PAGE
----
In a week, we leave for our annual transatlantic journey to visit our daughter in Italy, and then to voyage to other amazing places. We’ll be just short of a week with Jo and Fra, followed by a week and a half in Greece, and at the end CB and I go different ways, he to an intense week in Athens, me to my sacred grounds around Carnac. Lotta geography, lotta different climates.
I’m started on the packing. As always, we refuse to check anything, so it all goes in a single carry-on for each of us. The transatlantic carriers allow a separate smaller under-seat item, but on our short-hop airlines, everything has to go in the one bag, so we plan accordingly and do a trial run with putting our empty shoulder-bags into the carry-on to make sure we can get by.
It always amazes me that the totality of our physical needs for three weeks can be crammed into one little wheelie. When you really want to go lean, you can pare things down to a nubbin. So how come we’ve got all this stuff in the house and the studio and the shop?
At my age I start dreading those moments of “what if I croaked in a car crash,” thinking of what would confront our kids. We are indeed starting to simplify things, but it’s pretty damn daunting. In our checkered past, it has always been traumatic to make a move, but the result has been an amazing sense of cleansing. Granted, our profession results in a lot of bins of puppets and videos of nearly fifty years of productions, but do we really need old plaster casts for life-masks?
Of late, I realize how much of the cubic feet of old stuff has to do with money. Where it came from, where it went, who needs to know all about it, and so on. As I begin to start throwing this crap out, after checking the statute of limitations, it REALLY FEELS GOOD. Bank statements, boom! Credit card bills, okay! Old grant records, yes, heave’em!
All that stuff has no place in my carry-on wheelie. It doesn’t clothe me or clean me or decorate me or get me through TSA. Maybe this is a good recipe for life now.
We’ve finished another edit of our novel GALAHAD’S FOOL, hopefully appearing in the spring, and now back to the editor for her responses. In our estimation it’s benefited enormously from her input: both clearer craft-wise and a deeper content in several major characters. At the same time, working with an editor poses challenge.
The easiest aspect is something I’ve mentioned before. When someone offers a response, it’s usually in the form of a prescription: This needs to go faster. This needs to be cut. We need stronger motivation. Etc. etc. Those need to be considered, whether they come from an experienced colleague or an anonymous audience member. But the wise physician doesn’t order a hip replacement just because the patient says he needs one. The procedure is to ask, first, what the symptoms are, to order tests as needed, and finally make a diagnosis and a prescription. This needs to be cut may stem from its impeding the action, going off on a seemingly irrelevant tangent, or being just plain boring. So it may indeed need to be cut, but on the other hand, it may need to be amplified to clarify its relevance. In performance, I’ve had several experiences of responses that “It needs to speed up” lead to solving the problem by slowing down. There are many ways to skin a cat. Bad metaphor, perhaps, given that Shadow is snoozing beside me.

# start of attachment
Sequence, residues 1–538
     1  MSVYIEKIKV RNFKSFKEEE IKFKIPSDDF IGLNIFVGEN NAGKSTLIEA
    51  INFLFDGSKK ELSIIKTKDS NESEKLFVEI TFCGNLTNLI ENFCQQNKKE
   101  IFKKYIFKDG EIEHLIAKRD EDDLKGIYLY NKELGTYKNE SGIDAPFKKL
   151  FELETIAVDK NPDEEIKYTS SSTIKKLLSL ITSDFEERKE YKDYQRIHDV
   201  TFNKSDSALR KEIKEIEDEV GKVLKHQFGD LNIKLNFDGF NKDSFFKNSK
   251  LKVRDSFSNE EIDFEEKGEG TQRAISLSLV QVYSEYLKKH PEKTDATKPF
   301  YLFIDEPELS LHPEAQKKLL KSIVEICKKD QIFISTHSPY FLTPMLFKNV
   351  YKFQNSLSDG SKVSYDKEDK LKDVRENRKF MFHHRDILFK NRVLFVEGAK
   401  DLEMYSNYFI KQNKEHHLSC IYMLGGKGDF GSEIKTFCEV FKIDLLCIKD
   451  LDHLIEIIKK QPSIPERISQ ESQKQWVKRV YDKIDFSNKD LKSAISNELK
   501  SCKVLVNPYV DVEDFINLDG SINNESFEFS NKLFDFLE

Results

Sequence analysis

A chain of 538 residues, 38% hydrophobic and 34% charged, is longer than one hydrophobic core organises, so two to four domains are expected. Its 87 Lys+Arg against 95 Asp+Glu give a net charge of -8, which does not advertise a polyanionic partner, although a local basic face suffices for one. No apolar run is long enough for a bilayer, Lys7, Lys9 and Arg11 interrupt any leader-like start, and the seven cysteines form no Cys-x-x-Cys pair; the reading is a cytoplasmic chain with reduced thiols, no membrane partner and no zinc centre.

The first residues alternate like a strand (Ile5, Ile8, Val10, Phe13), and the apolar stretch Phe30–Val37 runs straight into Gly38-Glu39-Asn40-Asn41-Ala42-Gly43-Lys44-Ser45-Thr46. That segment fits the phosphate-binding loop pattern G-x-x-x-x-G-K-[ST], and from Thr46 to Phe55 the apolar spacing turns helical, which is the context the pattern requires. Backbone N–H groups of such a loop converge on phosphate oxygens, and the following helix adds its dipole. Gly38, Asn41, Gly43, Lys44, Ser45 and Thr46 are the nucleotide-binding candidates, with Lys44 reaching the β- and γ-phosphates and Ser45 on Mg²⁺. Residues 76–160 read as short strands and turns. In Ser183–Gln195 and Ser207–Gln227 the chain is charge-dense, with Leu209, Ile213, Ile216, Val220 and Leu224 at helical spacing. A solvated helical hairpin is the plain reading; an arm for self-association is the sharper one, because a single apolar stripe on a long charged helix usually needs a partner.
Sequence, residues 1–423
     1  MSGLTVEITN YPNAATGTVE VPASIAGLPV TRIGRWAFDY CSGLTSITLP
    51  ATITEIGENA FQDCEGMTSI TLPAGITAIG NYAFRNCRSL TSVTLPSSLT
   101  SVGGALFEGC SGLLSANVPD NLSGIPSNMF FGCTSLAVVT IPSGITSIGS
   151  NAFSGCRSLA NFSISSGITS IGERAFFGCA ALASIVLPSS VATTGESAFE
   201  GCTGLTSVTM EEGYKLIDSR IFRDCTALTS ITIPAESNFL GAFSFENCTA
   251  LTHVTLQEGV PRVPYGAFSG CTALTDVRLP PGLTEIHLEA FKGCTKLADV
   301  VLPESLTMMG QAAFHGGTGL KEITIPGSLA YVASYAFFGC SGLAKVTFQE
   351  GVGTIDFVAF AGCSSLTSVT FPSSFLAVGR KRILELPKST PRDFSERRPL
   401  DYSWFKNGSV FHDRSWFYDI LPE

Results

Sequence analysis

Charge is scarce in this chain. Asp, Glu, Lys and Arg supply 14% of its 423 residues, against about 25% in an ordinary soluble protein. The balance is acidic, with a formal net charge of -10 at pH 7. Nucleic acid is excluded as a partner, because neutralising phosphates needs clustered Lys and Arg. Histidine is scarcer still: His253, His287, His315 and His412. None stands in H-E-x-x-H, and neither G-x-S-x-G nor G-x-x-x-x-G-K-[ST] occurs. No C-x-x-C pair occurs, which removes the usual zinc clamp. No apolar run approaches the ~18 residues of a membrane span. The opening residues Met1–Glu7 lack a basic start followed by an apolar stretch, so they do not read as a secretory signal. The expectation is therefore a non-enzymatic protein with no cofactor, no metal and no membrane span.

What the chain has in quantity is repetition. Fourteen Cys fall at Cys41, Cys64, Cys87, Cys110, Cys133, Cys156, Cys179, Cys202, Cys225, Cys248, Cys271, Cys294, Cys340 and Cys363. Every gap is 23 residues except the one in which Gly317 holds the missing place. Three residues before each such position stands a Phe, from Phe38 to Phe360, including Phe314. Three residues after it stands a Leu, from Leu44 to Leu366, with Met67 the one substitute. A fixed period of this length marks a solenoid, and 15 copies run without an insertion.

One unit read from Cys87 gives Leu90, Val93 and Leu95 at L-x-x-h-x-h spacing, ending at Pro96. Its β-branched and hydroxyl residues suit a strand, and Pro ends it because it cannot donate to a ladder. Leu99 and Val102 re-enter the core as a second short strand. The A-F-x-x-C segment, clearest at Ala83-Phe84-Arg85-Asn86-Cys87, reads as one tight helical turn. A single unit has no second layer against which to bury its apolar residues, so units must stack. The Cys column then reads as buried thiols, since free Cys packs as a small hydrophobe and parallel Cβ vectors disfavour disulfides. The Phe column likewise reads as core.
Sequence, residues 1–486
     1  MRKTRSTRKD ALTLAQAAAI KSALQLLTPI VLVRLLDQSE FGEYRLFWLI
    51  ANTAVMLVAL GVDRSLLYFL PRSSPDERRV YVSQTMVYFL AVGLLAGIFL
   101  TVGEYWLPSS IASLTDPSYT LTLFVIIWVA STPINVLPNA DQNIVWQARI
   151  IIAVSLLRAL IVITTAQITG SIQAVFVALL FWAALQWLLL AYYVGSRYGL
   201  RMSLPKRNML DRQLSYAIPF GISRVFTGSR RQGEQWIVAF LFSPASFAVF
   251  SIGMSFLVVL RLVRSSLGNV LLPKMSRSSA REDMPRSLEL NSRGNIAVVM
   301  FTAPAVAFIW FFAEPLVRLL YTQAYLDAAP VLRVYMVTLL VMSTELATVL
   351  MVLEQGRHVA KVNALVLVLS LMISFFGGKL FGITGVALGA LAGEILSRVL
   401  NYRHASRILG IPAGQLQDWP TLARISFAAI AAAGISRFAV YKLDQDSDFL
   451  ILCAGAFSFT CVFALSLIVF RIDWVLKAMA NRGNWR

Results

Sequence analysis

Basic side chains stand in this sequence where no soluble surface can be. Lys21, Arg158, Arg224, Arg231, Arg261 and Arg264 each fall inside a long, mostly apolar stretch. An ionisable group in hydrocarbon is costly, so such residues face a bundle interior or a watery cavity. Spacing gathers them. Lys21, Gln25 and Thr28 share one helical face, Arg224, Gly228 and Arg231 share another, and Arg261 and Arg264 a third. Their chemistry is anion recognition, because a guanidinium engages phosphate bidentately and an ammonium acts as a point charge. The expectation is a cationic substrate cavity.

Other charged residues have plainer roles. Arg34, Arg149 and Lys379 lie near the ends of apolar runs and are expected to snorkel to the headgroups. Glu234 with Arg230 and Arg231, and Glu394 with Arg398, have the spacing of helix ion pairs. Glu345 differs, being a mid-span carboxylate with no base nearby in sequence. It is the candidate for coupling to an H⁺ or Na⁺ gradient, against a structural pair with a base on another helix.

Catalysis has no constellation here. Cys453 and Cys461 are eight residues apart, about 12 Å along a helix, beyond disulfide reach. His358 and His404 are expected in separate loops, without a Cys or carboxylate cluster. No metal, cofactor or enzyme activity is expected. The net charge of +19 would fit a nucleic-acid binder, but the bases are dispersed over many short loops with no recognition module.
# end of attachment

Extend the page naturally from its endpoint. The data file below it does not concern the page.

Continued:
But working closely with a new collaborator, whether it’s an editor, an outside director of one of our plays, or a fellow actor, is a huge act of faith. Elizabeth and I may have major disagreements in working on a piece, but we know from experience that (a) eventually we’ll find a solution that satisfies us both if we’re patient and (b) that we’re both after the same thing overall. That trust is difficult. We’ve had wonderful experiences with other theatres doing our plays, and we’ve had some nightmares.
With book publication, two factors make it difficult to assert ourselves in the evolution of the work. First, we’re relative newbies in the realm of fiction, and the more of the craft we learn, the more there is to learn. Writing for the stage is very different not only in the predominance of dialogue but in what I’d call the absorptive factor: how the reader or audience grasps the narrative. So you have to trust your editor’s judgment—up to a point. You also have to trust yourself.
The other factor is the fact that your publisher is putting up time and money to make this happen. If it bombs, we’re not the only ones to suffer. So you’re raising the ante with someone else’s chips. That deserves respect.
In the long run, though, the process forces you to ask yourself, with the ferocity of the Guantanamo interrogator: What’s the story we’re telling? Why are we telling it? Is this the best way to tell it? And to be faithful to that story, no matter what.